Dick Tracy, based loosely on the characters created by Chester Gould from his iconic comic strip, is a film that is nowhere near perfect but does a decent enough job at presenting the iconic trench-coat police detective against the criminal underground. Warren Beatty directs and plays the role of Dick Tracy alongside a slew of solid actors from Al Pacino, Seymour Cassel, Dustin Hoffman and many others that find themselves in the role of gangsters throughout their careers. Oh, and Madonna is in it too.

Famed cinematographer Vittorio Storaro captures the heavy shadowed noir style, highlighting the distinct bright colours of the costuming alongside the shady, dimly lit alleys. Danny Elfman creates another memorable bouncy score that really brings out the over-the-top nature of many of the film’s characters and campy nature of the dialogue.

Beatty, alongside a script by Jim Cash and Jack Epps Jr. (screenwriters for Top Gun) embrace the obvious approach that Gould took in the comics of good versus evil. The mob and the various henchmen are physically deformed, for the most part; something that Gould wanted to purposefully capture in the comic to ensure readers knew that a life of crime is an ugly business. Even character names match their grotesque appearances, such as Pruneface, Flattop, and The Brow.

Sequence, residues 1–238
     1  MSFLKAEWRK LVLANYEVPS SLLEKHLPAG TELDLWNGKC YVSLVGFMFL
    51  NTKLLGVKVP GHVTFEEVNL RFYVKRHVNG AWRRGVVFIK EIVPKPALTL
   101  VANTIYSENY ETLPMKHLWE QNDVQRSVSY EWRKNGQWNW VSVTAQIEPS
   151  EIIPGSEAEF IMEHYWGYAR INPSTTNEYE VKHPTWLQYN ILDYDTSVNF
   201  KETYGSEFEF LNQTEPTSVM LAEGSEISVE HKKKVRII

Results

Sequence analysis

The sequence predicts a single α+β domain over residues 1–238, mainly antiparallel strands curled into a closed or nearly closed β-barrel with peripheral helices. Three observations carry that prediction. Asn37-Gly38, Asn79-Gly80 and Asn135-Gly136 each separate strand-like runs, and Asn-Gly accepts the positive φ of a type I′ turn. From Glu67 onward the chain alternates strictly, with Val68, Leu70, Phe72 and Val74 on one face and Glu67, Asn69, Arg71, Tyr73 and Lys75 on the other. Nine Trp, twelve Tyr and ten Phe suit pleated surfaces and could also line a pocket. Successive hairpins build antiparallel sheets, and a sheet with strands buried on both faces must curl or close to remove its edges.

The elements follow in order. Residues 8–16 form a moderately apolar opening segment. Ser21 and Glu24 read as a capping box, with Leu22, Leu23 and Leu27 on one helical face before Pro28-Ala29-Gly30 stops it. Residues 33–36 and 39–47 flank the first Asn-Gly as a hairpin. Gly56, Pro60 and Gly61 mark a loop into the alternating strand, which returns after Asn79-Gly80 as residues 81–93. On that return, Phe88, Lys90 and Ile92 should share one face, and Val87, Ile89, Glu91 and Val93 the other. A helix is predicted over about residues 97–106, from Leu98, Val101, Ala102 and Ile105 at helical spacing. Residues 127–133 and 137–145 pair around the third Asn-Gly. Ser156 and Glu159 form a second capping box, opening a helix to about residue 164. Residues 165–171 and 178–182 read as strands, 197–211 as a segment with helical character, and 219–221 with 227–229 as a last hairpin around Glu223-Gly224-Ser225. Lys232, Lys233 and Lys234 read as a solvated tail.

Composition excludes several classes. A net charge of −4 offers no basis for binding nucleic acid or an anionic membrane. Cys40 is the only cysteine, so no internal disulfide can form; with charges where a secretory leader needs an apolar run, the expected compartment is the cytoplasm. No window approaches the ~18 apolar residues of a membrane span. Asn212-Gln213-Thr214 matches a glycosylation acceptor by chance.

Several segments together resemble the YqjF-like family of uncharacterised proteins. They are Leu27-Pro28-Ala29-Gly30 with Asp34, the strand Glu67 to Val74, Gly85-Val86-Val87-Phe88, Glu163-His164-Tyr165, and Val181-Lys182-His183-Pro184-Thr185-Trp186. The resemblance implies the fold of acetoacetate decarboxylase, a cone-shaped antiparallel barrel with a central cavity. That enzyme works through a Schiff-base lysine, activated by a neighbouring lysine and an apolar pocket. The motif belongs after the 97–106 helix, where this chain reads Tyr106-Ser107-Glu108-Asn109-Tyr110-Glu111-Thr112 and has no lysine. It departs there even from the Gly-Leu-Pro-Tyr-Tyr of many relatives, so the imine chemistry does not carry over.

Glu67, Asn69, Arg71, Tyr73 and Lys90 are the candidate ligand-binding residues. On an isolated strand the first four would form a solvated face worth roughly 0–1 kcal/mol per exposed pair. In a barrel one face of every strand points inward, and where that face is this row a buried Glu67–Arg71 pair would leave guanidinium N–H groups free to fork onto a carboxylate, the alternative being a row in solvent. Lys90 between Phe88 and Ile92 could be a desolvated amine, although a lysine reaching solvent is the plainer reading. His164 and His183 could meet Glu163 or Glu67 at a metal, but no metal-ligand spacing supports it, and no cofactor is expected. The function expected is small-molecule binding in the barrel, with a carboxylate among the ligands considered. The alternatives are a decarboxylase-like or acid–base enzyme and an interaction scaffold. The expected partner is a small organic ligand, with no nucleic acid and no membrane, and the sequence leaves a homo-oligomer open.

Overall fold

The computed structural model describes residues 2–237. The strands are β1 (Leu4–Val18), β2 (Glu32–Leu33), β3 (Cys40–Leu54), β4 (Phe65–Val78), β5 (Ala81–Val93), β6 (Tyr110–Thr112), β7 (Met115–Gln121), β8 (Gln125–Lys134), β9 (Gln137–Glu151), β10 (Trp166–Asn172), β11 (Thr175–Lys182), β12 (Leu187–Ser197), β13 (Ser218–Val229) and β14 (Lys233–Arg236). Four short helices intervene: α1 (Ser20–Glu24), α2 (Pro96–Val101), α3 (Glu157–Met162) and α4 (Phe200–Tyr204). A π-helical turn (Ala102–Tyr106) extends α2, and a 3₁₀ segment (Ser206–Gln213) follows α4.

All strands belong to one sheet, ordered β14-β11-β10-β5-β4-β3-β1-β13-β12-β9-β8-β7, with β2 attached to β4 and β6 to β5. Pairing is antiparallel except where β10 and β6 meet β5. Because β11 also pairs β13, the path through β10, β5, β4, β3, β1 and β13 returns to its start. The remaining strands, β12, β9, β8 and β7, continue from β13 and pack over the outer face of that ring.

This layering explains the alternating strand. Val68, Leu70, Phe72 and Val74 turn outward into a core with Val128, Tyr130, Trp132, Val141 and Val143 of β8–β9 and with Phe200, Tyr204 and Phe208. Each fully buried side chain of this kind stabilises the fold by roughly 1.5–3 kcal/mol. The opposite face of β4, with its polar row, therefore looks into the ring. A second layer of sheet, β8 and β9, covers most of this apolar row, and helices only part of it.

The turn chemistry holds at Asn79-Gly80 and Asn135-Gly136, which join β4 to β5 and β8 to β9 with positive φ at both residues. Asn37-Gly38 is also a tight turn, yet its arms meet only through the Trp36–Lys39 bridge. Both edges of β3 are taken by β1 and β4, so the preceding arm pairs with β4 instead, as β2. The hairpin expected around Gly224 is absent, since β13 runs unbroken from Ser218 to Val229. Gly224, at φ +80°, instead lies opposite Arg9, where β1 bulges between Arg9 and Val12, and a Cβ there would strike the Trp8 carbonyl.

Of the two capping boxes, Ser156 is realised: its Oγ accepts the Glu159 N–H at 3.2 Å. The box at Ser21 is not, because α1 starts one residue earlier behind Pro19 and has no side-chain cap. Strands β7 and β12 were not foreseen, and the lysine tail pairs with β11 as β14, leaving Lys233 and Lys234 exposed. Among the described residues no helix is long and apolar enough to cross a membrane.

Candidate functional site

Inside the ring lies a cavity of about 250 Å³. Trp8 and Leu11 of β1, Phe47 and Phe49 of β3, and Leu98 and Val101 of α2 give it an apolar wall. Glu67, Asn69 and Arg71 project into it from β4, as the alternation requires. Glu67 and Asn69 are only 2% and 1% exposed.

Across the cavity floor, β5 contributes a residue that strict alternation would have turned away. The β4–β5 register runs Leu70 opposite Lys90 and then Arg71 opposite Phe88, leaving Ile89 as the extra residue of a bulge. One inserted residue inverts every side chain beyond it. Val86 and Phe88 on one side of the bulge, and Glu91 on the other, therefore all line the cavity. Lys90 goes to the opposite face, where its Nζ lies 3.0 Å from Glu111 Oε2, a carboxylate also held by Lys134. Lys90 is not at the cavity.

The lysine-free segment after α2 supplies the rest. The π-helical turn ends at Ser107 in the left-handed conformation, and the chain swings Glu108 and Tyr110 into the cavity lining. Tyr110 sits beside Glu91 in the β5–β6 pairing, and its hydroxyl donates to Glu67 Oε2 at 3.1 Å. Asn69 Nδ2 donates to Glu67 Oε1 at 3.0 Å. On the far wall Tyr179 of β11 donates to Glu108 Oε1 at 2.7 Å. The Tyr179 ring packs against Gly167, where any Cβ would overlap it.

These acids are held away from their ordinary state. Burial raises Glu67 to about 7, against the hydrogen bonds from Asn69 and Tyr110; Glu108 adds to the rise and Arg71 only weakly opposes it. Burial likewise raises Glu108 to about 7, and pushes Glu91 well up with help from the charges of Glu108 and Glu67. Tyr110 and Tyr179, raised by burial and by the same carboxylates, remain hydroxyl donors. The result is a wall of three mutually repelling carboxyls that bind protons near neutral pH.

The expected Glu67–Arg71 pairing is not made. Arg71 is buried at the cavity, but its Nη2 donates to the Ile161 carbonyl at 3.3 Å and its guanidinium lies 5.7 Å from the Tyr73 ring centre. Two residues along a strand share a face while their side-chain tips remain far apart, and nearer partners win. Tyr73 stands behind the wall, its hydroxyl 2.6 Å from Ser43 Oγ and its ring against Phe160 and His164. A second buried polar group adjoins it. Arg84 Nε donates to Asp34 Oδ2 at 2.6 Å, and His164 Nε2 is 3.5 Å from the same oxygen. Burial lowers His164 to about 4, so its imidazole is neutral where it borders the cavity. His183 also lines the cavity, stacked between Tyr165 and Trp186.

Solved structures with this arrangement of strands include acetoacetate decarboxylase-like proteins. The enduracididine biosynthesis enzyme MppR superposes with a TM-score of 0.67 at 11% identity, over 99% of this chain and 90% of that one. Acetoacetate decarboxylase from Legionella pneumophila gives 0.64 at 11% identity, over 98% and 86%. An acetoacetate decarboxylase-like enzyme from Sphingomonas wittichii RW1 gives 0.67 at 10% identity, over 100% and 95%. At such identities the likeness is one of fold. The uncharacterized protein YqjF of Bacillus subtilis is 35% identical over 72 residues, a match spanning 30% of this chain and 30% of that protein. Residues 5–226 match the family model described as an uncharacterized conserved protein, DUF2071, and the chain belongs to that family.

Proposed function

As much as Dick Tracy is campy to the point that lines itself with the similar feel of Batman from the 1960s, it is stylishly shot with some great makeup and costuming, and does feature some memorable performances that evoke a respectable adaptation from comic strip to screen. (Anthony Spataro)


17. Batman (1989)

The Dark Knight is arguably the best the superhero genre has to offer, but I have a fondness for Tim Burton’s Batman. It was the first film I remember watching and it made an impression immediately. (Apologies to my parents who had to watch with me over and over again.) The film was a Jaws-level game-changing blockbuster event in 1989, and is partially responsible for the landscape dominated by franchises today. Batman was a marked difference from the 60s show starring Adam West, but it was both dark and campy in its own right. Burton and Michael Keaton distanced themselves from the television show by delving into the psychology of a man who dresses as a bat to solve crime, but the Clown Prince of Crime (Jack Nicholson) stole the show. Nicholson delivered the definitive Joker on film (at the time anyway), thumbing his nose at authority while having the ability to go full-on menacing simultaneously. Not to be outdone by a villain, Gotham City is more than just a backdrop in the film, it’s a character. Anton Furst won an Oscar for his gothic tribute to Batman’s home and in the 26 years since Batman was released no movie has created such a unique environment as Furst did. Parts of the film are certainly dated, but Batman gave us Michael Keaton, who gave us his infamous line “I’m Batman.” If for no other reason that that, we owe Batman thanks. (Colin Biggs)


 16. American Splendor